DENVER (ResourceInvestor.com) -- At the Denver Gold Forum Freeport-McMoRan Copper & Gold's President and CEO, Richard Adkerson, made it clear that there's a new mine supplying moly. Four days later RI visited the company's mine, mill, and tailings facilities. The complex will debut in a little over a year's time, producing 30 million lb per year of moly. A second phase may double output.
The company is spending some $500 million in revitalizing the venerable Climax deposit near Leadville, in Colorado's Rocky Mountains. The company says that's, "believed to be the largest, highest-grade undeveloped molybdenum ore body in the world." It will further enhance FCX's status as the world's largest moly producer, adding to the existing Henderson (Colorado) underground mine's output.
Climax process plant layout
An advantage for FCX is that, since the mine/mill complex is a brownfield site, it will be improving the overall environmental situation-a welcome development from local and regulatory perspectives. Moreover the reopening of the Climax mine will provide needed employment for the area.
Why, some might say, is there this level of interest in an old-technology metal? Well, it's not so old-tech. It's important* in the chemical, lubricant, andmetallurgical industries. Moly has uses as catalysts, paint pigments, corrosion inhibitors, smoke and flame retardants, dry lubricant (molybdenum disulfide) on space vehicles-with its resistance to high loads and temperatures, lighting, and electronics.
As the requirements for ever-cleaner petroleum-based fuels increase, moly catalysts for desulfurization will see greater use. The U.S. Geological Survey's closing comment on moly's applications, "Few of molybdenum's uses have acceptable substitutions."
And, as an example in electronics, when you see red on a flat-screen display it's likely moly-based; and moly has applications in high-definition TV as well. And one non-FCX observer during the mine visit commented that moly exports to China doubled in the 2003-2005 period.
Molybdenite (Mineral Information Institute)
Resources. The Climax mine's current reserves total 182 million tons grading 0.165% moly and predicated on a $3.50/lb moly price (Moly began 2007 at about $25/lb and was $33.50 in July 2008). Additionally, FCX estimates, "a further 466-million-tons mineralized material grading 0.17% moly, predicated on a $10 per pound long-term molybdenum price) with substantial upside." So, clearly, the company's project economics have a conservative price base.
Prior to commencing mining, the company is doing selective exploration drilling to better delineate the deposit, which is believed to have considerable upside potential. Though extensive underground workings may present a challenge, it is believed that the prior operations' mapping is thorough.
Plant construction underway
Processing. Many say that, economically speaking, the mill makes or breaks a mine complex. Here Climax will not accept less than the best current technology, employing SAG (semi-autogenous) and ball mills followed by large flotation cells. The mills are gearless, yielding 1.5X the power efficiency of traditional gear-types. And the crushing side of almost any mill consumes the greatest amount of power at most mines.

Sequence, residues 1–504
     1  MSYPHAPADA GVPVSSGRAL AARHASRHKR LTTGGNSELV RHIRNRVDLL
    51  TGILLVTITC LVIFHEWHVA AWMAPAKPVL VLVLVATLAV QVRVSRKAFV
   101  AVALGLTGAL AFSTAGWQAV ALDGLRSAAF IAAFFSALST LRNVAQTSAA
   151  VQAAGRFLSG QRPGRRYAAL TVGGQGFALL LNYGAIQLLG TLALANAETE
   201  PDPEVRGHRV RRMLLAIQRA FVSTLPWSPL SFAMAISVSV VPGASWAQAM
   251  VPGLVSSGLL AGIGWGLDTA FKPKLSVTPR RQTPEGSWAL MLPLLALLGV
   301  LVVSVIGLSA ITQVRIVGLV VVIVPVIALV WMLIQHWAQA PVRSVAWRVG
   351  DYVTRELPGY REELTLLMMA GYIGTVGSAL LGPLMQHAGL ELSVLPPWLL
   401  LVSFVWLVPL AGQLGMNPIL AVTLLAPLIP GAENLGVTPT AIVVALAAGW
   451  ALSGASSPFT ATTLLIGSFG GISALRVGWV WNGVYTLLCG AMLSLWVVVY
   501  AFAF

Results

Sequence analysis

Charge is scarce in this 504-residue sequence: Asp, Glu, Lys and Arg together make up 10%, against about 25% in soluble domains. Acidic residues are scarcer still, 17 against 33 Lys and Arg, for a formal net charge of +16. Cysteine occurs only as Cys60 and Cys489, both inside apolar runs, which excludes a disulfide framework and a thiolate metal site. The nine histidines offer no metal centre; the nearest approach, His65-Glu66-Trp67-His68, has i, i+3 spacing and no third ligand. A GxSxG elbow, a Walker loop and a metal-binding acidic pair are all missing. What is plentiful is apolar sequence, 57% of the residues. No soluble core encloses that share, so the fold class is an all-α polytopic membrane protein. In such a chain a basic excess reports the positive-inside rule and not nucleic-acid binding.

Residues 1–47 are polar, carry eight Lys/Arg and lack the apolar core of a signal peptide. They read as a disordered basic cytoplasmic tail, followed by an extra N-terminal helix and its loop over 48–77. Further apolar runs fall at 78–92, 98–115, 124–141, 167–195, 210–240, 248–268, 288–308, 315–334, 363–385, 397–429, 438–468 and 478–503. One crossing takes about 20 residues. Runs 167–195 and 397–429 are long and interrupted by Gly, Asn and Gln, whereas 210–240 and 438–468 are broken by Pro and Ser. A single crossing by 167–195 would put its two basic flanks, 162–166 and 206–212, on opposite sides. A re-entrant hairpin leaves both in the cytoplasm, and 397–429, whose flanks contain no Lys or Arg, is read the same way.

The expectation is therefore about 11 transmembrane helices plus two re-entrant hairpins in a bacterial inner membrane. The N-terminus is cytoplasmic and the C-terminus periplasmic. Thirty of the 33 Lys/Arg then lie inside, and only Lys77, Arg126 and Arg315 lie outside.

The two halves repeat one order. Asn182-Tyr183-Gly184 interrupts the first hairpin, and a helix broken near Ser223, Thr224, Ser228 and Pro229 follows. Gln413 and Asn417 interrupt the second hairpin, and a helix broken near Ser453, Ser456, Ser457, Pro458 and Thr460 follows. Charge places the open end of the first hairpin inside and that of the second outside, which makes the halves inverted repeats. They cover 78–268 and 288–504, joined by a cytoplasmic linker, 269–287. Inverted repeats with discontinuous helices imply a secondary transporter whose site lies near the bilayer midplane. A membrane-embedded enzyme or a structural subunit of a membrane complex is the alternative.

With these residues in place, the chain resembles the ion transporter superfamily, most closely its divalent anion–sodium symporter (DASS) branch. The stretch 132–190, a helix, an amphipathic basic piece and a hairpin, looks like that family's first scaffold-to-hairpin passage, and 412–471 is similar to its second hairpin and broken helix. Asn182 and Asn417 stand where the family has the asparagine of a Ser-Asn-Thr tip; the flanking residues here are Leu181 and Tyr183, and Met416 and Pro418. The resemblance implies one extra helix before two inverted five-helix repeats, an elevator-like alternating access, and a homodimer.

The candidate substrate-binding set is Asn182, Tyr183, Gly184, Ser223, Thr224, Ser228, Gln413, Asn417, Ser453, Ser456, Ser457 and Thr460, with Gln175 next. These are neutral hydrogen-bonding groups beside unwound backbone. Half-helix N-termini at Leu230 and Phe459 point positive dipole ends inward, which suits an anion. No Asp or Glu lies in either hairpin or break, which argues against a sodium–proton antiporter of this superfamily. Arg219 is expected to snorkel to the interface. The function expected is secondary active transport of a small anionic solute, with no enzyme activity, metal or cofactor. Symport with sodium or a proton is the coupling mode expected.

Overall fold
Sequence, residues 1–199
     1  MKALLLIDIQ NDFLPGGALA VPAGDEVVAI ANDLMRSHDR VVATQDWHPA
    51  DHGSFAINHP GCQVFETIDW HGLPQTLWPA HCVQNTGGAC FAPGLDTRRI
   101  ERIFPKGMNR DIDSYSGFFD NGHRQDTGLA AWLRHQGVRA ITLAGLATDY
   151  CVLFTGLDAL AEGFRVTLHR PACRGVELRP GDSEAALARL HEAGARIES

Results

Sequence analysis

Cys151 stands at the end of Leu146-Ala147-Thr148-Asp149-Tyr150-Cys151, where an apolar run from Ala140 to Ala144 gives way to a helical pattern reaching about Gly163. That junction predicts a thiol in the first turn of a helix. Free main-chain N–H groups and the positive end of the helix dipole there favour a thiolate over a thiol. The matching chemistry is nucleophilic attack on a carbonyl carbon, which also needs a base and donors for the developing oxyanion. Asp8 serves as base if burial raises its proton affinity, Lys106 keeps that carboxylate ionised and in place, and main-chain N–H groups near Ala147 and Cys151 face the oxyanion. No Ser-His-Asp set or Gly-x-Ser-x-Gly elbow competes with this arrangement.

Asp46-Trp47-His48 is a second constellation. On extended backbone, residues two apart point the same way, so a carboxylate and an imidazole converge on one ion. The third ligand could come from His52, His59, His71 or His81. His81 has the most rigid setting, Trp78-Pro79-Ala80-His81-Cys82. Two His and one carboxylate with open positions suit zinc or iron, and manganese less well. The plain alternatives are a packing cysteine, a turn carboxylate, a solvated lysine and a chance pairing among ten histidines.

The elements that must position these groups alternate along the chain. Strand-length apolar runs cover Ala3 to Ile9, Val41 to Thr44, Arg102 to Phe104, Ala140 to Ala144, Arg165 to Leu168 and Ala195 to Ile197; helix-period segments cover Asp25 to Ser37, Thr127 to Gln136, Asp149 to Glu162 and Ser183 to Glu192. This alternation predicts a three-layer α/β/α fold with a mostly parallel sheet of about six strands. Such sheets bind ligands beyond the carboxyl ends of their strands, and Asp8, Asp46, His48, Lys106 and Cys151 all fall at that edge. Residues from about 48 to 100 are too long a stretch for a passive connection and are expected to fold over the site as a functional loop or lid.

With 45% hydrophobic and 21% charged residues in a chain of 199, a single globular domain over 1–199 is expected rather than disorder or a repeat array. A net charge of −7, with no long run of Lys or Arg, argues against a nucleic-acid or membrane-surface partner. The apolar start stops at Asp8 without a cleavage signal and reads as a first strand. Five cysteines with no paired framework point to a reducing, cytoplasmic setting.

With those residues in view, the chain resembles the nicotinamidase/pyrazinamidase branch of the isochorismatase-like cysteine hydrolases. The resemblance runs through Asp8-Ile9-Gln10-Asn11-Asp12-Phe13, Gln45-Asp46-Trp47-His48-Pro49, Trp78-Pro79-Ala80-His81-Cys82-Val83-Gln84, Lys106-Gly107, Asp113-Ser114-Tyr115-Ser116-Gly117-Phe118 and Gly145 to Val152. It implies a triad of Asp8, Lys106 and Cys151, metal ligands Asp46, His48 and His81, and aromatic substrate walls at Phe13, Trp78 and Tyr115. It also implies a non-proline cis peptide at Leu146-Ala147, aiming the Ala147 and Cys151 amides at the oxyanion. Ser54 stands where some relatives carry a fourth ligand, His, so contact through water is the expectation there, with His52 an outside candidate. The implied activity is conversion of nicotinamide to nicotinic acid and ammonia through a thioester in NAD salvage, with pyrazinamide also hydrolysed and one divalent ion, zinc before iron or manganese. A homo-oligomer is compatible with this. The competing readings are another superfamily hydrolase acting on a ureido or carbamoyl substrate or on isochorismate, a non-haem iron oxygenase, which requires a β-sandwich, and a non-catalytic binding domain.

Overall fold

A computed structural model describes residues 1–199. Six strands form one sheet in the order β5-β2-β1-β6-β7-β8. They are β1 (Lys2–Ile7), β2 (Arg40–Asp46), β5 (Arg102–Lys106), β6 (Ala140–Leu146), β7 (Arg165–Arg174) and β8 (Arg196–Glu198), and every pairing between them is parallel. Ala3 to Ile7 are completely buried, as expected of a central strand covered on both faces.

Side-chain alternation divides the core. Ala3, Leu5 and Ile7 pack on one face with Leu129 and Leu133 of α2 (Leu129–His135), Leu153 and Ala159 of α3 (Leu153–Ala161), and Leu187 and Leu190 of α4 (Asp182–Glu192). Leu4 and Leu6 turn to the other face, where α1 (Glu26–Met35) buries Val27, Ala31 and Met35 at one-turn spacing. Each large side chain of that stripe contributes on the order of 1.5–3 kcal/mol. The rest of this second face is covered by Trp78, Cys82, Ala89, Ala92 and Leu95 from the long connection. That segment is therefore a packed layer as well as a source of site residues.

In any event, it's the net recovery of moly in the ore that counts; and recovery was estimated at 87-91% in the feasibility study. Byproduct circuits haven't yet been defined but it's likely that there'll be credits for other metals that will be recovered.
At the mine's kick-off, 1 January 2010, some 400 employees will be mining 82,000 ton/day and milling 28,000 tons/day. With current plans the open pit operation will ultimately have a 1,000 foot depth over an 18 year mine life-based on the current feasibility study. The company believes that there's considerable upside potential on the reserve side.
People are a resource too. Professional staff will approximate 25% of total site employment. And, like all other sectors in the U.S. mining industry, recruitment is challenging. This is due to the loss of a generation when the entire industry was in a downturn for that period. But the company believes that it won't present a serious problem.
Waste and sustainability. Waste (tailings) from the mill will be dealt with, in part, using a U.S. EPA award-winning bio-solids process. The work started in early 2001 and employs solids from regional municipal water-treatment that are composted with wood chips and lime. It creates a superior high-altitude (area elevation is over 10,000 feet) growth media. And the writer saw the results-vegetation that elk and deer like-greenery rather than ugly, sterile rock fines and tainted water. Any water that does accumulate will be 7.0 pH (non-acidic, non-alkaline) and non-toxic.
During the visit one individual mentioned the molybdenum deposit about three miles from Crested Butte, Colo. Based on the writer's personal experience in designing and permitting a new mine a few miles to the south (near Paonia, Colo.), it'll be an uphill battle due to regional environmentalists' activism. Additionally, from a commercial perspective, Crested Butte has developed into a significant, high-profile ski resort over the years. The proposed Mt. Hope mine in Nevada will be a sizable new entrant if it commences operations on its target of late-2010.
*Climax's molybdenum products:
- Carbon-free briquettes
- Molybdenum oxide powder
- Ammonium Heptamolybdate
- Ammonium Octamolybdate
- Ammonium Dimolybdate
- Calcined Pure Molybdic Oxide
- Sublimed Pure Molybdic Oxide
- Sodium Molybdate
- Molybdenum Disulfide
- Ammonium Perrhenate
- Rhenium pellets